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Guest Opinion

The nose knows

West Seattle Herald of Seattle, Washington

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PAT'S VIEW

I once went to a Halloween party where a guy came as the Invisible Man. At least I think he did since I never saw him. But the familiar odor of garlic suggested he was there (he ate it on everything) β€” and the smell was strong enough that three people dressed as vampires left the party hurriedly (see, vampires are afraid of the stuff).

Garlic is one of those unique fragrances that smell fabulous β€” or horrible β€” depending on when and where you encounter it. On freshly prepared food it is close to Heaven; on breath β€” the following day β€” it's close to the other place.

The summertime smell of fried onions at the fair is mouth-watering β€” yet is virtually the same aroma as the boy's locker room after a RE class.

My brother loved pasta as a kid, but would always turn down the parmesan cheese. "It smells like someone barfed," he would elegantly say. No wonder he lost his waiter job at the Old Spaghetti Warehouse.

And while I know many people delight in the fragrance of now-legal marijuana, there are just as many who will note how similar the odor is to what an agitated skunk tosses into the air.

Our olfactory sense is the best we humans have at triggering emotions and memories. For example, one whiff of cigar smoke can immediately remind me of my dad. For my friend, Carl, it reminds him of his mom. "She smoked at least two dozen Nat Sherman's a day," he recalls. "Winston Churchill couldn't have kept up with her."

The fragrance of fresh bread immediately transports me to my mom's kitchen. I don't know why β€” she never baked any.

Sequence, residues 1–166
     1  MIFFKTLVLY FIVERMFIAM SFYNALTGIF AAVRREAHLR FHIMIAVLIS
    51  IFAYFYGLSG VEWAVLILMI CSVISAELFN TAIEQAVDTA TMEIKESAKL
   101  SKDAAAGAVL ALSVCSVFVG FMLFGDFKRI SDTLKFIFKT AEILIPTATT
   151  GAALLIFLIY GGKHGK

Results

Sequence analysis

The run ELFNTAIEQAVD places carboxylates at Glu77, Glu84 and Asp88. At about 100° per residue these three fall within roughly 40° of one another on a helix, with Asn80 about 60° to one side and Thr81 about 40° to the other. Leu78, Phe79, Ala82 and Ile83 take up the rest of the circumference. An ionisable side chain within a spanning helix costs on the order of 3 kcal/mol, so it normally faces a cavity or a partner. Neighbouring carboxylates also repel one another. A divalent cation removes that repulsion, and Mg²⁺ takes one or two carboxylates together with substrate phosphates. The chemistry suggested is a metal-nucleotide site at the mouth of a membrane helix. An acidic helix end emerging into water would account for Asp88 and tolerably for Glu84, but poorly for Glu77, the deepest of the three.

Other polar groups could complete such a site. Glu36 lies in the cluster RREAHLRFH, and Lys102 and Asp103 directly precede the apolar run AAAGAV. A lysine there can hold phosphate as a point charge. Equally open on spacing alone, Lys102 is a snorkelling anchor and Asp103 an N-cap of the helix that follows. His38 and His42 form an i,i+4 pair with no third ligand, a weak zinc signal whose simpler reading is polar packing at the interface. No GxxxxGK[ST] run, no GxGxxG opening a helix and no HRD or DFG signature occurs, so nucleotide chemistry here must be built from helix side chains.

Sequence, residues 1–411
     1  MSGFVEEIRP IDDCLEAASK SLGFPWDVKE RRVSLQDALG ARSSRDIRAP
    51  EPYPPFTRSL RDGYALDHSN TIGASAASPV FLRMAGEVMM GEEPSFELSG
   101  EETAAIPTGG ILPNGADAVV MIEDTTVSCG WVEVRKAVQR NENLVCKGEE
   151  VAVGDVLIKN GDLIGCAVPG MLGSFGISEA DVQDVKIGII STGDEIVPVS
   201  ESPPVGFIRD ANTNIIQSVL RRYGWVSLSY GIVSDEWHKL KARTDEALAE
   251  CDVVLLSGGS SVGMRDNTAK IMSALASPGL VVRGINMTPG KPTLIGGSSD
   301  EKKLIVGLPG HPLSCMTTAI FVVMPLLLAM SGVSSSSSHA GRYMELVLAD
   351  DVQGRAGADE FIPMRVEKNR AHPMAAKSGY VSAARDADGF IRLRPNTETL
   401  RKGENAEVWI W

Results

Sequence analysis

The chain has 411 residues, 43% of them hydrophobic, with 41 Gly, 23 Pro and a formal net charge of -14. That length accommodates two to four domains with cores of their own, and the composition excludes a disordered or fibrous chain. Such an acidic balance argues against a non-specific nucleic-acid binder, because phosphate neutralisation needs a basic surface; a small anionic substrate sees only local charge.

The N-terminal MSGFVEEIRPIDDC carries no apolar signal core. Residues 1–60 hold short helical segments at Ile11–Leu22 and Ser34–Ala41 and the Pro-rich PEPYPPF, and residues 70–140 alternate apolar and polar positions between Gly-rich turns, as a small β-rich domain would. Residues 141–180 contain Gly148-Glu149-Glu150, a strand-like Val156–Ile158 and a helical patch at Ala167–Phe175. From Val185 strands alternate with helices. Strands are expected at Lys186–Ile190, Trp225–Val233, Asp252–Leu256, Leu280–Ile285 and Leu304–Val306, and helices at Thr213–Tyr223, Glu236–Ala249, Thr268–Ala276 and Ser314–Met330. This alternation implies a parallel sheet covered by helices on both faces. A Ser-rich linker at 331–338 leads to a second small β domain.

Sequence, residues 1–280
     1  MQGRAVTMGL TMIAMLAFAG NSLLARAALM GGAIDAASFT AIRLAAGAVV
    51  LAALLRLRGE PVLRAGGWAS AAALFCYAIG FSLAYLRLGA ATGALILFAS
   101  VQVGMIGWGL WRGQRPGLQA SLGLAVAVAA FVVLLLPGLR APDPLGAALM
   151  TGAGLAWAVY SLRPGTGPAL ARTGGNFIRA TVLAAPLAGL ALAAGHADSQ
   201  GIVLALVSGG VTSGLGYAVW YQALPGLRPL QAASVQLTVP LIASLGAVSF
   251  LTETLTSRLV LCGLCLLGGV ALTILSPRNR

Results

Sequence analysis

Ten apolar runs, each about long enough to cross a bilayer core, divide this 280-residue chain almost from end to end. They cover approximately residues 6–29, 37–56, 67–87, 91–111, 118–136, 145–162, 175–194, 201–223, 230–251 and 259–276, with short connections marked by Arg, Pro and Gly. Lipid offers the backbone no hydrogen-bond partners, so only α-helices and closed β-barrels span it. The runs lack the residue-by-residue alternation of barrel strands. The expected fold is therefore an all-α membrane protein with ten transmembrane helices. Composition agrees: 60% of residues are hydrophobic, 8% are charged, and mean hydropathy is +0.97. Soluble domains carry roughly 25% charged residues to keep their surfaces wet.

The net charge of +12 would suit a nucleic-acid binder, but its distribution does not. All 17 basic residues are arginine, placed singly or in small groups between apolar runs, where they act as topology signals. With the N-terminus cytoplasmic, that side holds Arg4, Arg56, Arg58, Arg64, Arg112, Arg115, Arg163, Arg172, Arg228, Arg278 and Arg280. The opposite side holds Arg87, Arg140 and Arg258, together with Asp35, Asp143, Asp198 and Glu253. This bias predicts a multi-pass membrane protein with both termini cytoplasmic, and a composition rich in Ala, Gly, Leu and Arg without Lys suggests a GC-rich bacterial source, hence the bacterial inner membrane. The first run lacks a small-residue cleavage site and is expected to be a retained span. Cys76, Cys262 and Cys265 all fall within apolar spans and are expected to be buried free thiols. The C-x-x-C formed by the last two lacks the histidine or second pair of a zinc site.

But the smell of a wet dog almost always reminds me of a wet dog.

A lot of familiar smells seem to be disappearing through the years: Baseball cards that came with bubble gum; vacuum tubes from TV's and radios; the distinctive odor that cap guns gave off. Those were bouquets worth sniffing.

And does anybody remember the smell of freshly printed-paper from a mimeograph machine? Not if you're under forty you don't. But in the olden days, teachers would often print test papers on such machinesβ€”-and if it was fresh ink, the odor was unmistakable β€” and redolent. For many youngsters, it was their first experience with getting high.

Yet, when it comes to our noses we humans are poorly equipped. We have two smallish odor patches located way up our noses. Dogs have 220 million. On the other hand, dogs think rotting food and their own rear ends smell pretty good. That seems like a fair trade off.

It is said that most of our impressions of food come not from our sense of taste β€” but of smell. Our tongues can only register sweet, sour, bitter, salty and umami β€” but our noses pick up on millions more odor molecules from food. That's why food doesn't seem as tasty when you have a bad cold. It's also why when you say, "Thank you very much," to a waiter, they think you said, "Tank you berry buch."

In 2004, a man and woman research team won a Nobel Prize for their work on the olfactory system. Afterwards, they said the award smelled real nice β€” like 18 carat green gold.

Meanwhile, retailers have been using so-called "scent marketing" for years. Home sellers believe the smell of fresh-baked pies or cookies in a house make the place more appealing. For me, it doesn't make me want to buy a house β€” it makes me want to eat fresh-baked pies and cookies. I wonder if the smell of a house in a bakery would work in reverse?

Still, it is the remarkable power of smell to evoke memories that seems most intriguing.

Even to this day, whenever the fragrance of Charlie cologne comes near, I instantly recall a college girlfriend β€” Charlene, or Charlie as I called her β€” who wore the fragrance all the time.

And then there was the other college girl who smelled a bit like cooking spray.

I don't recall her name exactly β€” but I think it was Pam.

Pat Cash man is a longtime Northwest TV and radio writer and performer. Pat can be seen on the sketch show "Up Late NW" airing Saturdays on KING 5 and throughout Washington and Oregon. He also co-hosts a weekly Online talk show: Peculiarpodcast.com. He can be reached at pat@patcashman.com.

"The fragrance of fresh bread immediately transports me to my mom's kitchen. I don't know why she never baked any."



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Original Publication Date: November 6, 2015



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